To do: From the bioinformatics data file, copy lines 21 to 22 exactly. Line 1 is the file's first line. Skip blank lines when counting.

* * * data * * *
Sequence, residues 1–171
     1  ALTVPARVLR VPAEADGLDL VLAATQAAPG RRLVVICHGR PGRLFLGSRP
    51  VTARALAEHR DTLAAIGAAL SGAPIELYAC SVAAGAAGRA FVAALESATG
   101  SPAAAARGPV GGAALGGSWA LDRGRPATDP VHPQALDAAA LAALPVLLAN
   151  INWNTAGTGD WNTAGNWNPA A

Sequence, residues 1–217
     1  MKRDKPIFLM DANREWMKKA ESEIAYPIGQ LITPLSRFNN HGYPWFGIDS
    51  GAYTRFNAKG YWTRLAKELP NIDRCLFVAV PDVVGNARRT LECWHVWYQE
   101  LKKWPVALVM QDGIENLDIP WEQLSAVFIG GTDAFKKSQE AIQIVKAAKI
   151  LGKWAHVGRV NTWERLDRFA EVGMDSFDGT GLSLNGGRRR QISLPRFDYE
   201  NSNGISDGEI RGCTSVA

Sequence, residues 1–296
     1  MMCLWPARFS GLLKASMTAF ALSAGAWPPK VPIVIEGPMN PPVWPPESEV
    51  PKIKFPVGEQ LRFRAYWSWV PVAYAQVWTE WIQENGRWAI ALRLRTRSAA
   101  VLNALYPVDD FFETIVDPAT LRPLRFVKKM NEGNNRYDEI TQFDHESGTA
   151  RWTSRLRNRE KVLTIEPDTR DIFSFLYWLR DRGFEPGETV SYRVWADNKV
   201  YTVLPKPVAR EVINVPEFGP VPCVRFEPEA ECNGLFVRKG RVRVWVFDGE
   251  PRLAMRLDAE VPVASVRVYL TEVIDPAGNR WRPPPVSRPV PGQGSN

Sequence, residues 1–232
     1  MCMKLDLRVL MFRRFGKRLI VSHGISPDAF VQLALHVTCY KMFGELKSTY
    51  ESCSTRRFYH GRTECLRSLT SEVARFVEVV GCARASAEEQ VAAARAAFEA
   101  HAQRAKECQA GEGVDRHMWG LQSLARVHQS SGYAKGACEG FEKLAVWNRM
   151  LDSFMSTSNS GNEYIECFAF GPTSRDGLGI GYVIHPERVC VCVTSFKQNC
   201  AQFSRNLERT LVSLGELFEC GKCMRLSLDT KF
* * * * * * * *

    51  ESCSTRRFYH GRTECLRSLT SEVARFVEVV GCARASAEEQ VAAARAAFEA
   101  HAQRAKECQA GEGVDRHMWG LQSLARVHQS SGYAKGACEG FEKLAVWNRM